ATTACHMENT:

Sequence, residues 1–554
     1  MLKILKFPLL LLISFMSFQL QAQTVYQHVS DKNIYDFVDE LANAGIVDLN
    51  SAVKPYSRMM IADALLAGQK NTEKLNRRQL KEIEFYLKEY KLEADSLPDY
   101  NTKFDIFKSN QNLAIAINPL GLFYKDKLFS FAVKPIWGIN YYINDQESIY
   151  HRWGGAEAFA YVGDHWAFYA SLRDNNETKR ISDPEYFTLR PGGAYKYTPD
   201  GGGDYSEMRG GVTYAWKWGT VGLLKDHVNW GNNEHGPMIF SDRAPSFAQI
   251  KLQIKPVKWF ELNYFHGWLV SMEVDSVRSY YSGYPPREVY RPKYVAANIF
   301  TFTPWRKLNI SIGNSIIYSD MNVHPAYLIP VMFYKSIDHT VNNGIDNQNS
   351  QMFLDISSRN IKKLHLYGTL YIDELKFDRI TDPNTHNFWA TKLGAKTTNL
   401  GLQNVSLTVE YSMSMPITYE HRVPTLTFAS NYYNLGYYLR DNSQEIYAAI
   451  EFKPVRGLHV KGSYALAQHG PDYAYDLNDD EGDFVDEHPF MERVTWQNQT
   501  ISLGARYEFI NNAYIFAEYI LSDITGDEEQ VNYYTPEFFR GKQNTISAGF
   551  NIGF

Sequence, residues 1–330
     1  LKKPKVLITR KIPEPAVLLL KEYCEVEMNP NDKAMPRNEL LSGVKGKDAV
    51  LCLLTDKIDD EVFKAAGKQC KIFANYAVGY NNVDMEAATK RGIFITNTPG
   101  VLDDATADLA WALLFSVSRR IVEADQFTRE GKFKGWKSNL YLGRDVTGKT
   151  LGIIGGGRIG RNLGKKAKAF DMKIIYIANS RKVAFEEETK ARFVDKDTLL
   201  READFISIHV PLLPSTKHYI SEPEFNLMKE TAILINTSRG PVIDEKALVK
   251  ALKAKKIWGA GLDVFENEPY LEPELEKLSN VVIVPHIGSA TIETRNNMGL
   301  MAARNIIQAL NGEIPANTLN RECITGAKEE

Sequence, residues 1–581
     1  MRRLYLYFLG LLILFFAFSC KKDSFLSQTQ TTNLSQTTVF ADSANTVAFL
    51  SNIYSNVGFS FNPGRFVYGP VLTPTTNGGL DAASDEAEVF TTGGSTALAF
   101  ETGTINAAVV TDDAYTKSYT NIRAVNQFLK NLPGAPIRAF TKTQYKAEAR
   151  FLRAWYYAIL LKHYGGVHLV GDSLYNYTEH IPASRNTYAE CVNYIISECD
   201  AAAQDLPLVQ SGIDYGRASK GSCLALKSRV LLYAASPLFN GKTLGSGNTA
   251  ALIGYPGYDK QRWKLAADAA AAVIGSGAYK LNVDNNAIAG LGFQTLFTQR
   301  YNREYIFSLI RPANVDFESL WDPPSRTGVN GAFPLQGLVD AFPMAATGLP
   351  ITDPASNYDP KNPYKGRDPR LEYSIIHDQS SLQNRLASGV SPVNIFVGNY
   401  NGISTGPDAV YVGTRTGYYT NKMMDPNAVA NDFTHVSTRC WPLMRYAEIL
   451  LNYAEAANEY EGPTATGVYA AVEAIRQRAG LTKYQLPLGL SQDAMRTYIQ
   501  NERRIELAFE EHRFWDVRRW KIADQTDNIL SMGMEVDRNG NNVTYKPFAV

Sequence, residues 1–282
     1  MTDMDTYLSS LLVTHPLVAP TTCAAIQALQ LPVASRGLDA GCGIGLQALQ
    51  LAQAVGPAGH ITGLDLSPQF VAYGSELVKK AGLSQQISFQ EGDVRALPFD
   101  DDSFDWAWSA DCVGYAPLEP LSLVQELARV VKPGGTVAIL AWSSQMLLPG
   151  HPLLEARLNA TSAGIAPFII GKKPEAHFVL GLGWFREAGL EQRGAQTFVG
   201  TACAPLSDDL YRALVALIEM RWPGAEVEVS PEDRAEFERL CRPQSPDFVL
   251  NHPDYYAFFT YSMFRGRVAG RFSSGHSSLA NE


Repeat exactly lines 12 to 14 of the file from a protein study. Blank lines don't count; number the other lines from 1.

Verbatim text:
   501  ISLGARYEFI NNAYIFAEYI LSDITGDEEQ VNYYTPEFFR GKQNTISAGF
   551  NIGF

Sequence, residues 1–330